What happens when you read?

As any book lover knows, diving into a great novel is an immersive experience that makes your brain come alive with imagery and emotions. 

But do you also know that the process of reading causes the structure of the brain to be physically changed? 

Brain Activity when you read

Reading involves a complex network of circuits and signals in the brain.  When you read the brain links each word to the spoken equivalent.  One part of your brain analyses the word’s meaning, while another part makes it possible to automatically recognise words.  Reading stimulates the left part of the brain where you use your imagination.  Some scientists show that reading is an empathy workout, putting the reader in the character’s shoes.  For example if a character plays a sport, areas of your brain are activated as if you were physically playing the sport.

Over the years, doctors, scientists, and researchers have confirmed that reading is a stress-reducing activity that can lower your heart rate and blood pressure. It’s been proven to improve people’s memories, increase brain power, and even enhance empathic skills. 

There are differences between reading paper books and digital readers.  With the paper version the reader takes more time to process the narrative  and increases the capacity for longer attention spans.  Which do you find more easily to remember the contents by, their title, their cover or whether they were in paper or electronic for?

Scientists say that reading e-books lack “spatial navigability”, physical clues like the number of pages which gives the reader a sense of location.  The brain can adapt to e-books quickly as little as 7 days. Some e-readers include spatial landmarks like page numbers, percentage read to help overcome the physical lack of the book. 

How did humans start this literary experience?

Today we take the inseparable twins, reading and writing for granted.  But what would life be like with nothing to read?  So when did people start to write?  By drawing pictures?  When did speech evolve into writings?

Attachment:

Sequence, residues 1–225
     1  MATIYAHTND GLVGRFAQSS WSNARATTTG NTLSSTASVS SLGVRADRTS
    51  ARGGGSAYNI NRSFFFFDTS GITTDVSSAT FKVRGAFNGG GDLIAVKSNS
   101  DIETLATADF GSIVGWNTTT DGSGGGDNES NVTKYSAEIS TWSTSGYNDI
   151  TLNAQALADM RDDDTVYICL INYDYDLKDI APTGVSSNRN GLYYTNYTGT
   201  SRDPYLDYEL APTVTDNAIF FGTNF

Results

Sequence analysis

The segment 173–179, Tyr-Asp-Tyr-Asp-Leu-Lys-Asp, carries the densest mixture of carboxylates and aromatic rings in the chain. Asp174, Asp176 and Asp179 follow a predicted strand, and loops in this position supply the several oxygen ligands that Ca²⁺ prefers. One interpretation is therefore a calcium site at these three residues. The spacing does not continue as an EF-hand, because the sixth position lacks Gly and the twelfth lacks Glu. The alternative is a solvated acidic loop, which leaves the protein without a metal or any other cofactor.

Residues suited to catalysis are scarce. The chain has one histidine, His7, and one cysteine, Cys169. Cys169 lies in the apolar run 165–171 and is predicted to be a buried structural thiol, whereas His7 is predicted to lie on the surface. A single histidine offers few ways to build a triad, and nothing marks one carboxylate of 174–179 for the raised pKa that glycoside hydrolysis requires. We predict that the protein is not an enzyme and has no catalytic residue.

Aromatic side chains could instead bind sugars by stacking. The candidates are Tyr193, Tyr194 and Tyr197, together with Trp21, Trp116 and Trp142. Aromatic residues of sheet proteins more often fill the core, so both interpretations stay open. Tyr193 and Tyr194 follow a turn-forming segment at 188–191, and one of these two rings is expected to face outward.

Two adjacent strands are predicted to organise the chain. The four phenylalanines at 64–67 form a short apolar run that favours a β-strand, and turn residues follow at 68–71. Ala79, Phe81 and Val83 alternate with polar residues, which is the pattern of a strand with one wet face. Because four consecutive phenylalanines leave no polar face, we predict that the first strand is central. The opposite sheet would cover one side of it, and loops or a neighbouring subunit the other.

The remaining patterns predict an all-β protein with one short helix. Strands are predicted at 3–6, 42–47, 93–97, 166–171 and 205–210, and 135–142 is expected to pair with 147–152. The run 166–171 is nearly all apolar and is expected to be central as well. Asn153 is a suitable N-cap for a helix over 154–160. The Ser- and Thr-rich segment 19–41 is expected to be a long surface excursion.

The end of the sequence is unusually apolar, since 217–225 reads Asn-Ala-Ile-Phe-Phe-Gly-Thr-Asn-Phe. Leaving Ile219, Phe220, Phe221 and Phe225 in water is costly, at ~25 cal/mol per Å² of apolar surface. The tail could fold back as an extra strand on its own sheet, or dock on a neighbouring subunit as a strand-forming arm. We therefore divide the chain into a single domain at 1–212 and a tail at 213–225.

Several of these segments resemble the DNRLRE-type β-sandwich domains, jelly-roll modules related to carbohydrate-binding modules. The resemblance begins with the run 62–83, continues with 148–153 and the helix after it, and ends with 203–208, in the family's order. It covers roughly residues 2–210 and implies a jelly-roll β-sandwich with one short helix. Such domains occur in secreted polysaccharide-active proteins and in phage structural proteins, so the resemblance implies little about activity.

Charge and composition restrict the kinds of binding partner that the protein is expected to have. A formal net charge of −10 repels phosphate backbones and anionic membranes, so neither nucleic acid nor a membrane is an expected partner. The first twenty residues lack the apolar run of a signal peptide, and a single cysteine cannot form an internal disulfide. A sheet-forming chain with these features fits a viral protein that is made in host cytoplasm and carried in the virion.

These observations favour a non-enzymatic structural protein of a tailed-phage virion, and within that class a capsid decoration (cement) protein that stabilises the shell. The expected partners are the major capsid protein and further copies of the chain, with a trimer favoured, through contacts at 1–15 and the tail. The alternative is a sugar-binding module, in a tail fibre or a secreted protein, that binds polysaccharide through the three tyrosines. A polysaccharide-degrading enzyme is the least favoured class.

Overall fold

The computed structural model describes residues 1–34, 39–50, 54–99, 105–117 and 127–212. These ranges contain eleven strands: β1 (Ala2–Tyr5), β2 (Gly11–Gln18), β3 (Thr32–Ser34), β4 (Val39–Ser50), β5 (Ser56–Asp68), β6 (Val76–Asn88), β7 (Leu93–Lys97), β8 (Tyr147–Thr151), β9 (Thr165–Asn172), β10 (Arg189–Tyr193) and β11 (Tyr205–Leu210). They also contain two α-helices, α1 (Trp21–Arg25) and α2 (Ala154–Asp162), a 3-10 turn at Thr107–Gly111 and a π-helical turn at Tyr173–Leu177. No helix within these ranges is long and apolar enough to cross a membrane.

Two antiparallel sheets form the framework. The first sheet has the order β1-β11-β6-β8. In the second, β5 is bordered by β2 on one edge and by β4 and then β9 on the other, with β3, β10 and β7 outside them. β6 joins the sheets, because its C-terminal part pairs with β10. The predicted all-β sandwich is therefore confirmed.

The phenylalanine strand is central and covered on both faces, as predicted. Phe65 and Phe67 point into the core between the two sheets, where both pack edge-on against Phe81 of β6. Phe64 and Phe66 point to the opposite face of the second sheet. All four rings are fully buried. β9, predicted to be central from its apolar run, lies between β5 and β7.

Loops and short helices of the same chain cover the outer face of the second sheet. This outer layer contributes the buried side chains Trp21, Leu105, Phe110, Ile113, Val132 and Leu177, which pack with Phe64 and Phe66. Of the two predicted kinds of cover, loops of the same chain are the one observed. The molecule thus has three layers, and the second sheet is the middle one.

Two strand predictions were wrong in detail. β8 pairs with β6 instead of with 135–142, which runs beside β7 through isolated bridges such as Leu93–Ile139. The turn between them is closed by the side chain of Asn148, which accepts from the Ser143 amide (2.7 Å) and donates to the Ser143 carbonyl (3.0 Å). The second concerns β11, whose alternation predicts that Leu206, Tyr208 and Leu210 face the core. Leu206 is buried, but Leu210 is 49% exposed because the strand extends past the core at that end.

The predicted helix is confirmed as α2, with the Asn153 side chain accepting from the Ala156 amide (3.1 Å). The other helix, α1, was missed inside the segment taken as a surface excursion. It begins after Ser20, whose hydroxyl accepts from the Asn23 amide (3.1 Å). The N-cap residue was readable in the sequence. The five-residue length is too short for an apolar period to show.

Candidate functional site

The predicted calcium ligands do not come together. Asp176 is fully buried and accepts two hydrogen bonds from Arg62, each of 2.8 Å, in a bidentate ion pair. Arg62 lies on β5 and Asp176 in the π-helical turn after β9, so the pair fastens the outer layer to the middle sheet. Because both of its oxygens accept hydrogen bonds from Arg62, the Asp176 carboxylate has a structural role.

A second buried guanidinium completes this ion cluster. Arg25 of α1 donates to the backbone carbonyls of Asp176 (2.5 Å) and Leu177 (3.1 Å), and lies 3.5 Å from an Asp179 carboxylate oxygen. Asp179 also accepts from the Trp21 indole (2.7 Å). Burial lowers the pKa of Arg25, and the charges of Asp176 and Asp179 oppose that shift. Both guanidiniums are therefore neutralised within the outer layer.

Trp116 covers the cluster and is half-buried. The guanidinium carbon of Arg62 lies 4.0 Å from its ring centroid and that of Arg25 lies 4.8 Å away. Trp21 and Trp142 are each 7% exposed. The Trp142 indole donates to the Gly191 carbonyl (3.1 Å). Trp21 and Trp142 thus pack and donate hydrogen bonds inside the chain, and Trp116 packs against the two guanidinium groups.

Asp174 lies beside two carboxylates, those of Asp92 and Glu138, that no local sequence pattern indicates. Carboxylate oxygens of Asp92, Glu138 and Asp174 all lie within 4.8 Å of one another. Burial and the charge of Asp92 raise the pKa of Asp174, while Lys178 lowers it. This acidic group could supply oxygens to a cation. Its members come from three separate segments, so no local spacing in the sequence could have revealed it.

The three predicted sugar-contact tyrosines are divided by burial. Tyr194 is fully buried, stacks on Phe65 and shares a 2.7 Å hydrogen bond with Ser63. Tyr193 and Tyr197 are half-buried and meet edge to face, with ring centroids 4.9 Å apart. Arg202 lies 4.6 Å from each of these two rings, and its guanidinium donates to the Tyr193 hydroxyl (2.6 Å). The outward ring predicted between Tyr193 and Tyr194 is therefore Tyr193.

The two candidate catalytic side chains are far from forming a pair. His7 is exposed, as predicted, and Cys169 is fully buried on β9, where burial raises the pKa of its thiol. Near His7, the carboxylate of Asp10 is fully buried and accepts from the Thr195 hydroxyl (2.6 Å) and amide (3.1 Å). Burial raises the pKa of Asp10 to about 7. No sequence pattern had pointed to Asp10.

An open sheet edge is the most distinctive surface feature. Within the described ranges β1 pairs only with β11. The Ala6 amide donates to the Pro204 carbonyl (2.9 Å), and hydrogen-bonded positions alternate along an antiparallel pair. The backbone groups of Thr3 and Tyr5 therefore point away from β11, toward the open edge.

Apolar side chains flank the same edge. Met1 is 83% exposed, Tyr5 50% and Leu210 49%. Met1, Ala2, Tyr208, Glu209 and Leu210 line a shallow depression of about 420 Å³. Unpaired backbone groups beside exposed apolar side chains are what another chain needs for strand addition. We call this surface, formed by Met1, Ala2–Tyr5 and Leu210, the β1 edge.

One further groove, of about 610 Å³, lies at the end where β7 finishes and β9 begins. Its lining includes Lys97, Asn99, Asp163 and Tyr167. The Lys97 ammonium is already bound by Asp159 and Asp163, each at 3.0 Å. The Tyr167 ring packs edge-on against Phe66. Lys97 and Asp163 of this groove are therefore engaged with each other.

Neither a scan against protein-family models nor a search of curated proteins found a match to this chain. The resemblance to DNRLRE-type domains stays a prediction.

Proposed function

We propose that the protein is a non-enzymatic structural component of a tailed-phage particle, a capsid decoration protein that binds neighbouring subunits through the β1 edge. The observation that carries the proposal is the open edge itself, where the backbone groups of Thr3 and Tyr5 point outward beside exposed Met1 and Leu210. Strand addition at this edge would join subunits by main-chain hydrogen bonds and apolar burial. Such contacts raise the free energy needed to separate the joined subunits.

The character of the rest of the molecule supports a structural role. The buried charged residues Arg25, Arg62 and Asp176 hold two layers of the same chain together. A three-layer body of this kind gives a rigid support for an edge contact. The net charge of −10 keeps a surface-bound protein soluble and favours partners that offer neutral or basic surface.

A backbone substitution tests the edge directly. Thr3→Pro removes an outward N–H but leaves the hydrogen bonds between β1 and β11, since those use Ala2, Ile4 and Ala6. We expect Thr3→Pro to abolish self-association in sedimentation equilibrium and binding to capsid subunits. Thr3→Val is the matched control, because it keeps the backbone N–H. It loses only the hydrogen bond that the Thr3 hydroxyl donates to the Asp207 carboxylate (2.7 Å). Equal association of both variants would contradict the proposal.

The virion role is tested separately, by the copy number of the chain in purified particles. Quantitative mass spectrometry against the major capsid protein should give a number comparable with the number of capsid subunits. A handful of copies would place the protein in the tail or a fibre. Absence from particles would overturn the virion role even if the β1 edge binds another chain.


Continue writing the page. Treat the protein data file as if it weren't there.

A quick troll on the internet showed these were not easy questions to answer.  But in general four independent writing systems have been identified.

  • Mesopotamia  between 3400-3300 BC.  Pictorial signs  were gradually substituted by a complex system of characters of the Sumerian language.  From 2900BC these characters started to be impressed into wet clay  with a reed stylus, known as cuneiform.
  • Egypt around 3200 BC.  Their writing was in the form of hieroglyphics, in ink on papyrus. Remember the Rosetta Stone?
  • Shang dynasty in China around 1300 BC, This style of writing is known as oracle bone script – etched pictures on bones.
  • Mesoamerica (lowland areas of Southern Mexico and Guatemala, between 900-600 BC.  The most widely known, is the classic Maya script.


Geoscientists have confirmed that the Australian land is the oldest mass on earth, and is about 4.4billion years old.  It took a long time before our ancestors appeared,  about six million years ago and the modern form of humans, homo sapiens only evolved about 200,000 years ago. 

Aboriginal Australian genomic sequence obtained from a 100-year-old lock of hair donated by an Aboriginal man, support the hypothesis that present-day Aboriginal Australians descend from the earliest humans to occupy Australia, likely representing one of the oldest continuous populations outside Africa, upwards of 65,000 years ago. The remains of Mungo man and woman who lived some 42,000 years, are perhaps the most important human remains found in Australia.

So why haven’t any Australian writings been found before the historic letter Woollarawarre Bennelong wrote to Governor Arthur Phillip in 1796, after his return from England?   He was an aboriginal man who learnt English and became the go-between and interpreter for the governor. 


The Aboriginal people have an oral history dating way back with stories being told and passed down from generation to generation.  Their rock art employs two main designs, one uses engraved geometric shapes – circles, arcs, dots or animal tracks and the other contains figurative forms.  The  oldest one, in the Kimberley region is a kangaroo and dates back 17,300 years. 

Other interesting facts

The origins of writing still interest anthropologists as shown in the rare African writing system – the Vai script of Liberia, first created from scratch in about 1834 by eight completely illiterate men who wrote in ink made from crushed berries.

The earliest known female author named in history, the Akkadian princess and High Priestess Enheduanna, who composed temple hymns around 2300 BCE and signed her name onto the clay tablets on which she inscribed her works. 

Early written texts were meant to be read out loud, as most people were illiterate.  The text was a continuous stream of words that had to be disentangled. Reading initially was only for the privileged, wealthy people, and the church. When education became more widespread, most women were still denied the pleasure of reading until well into the 19th century.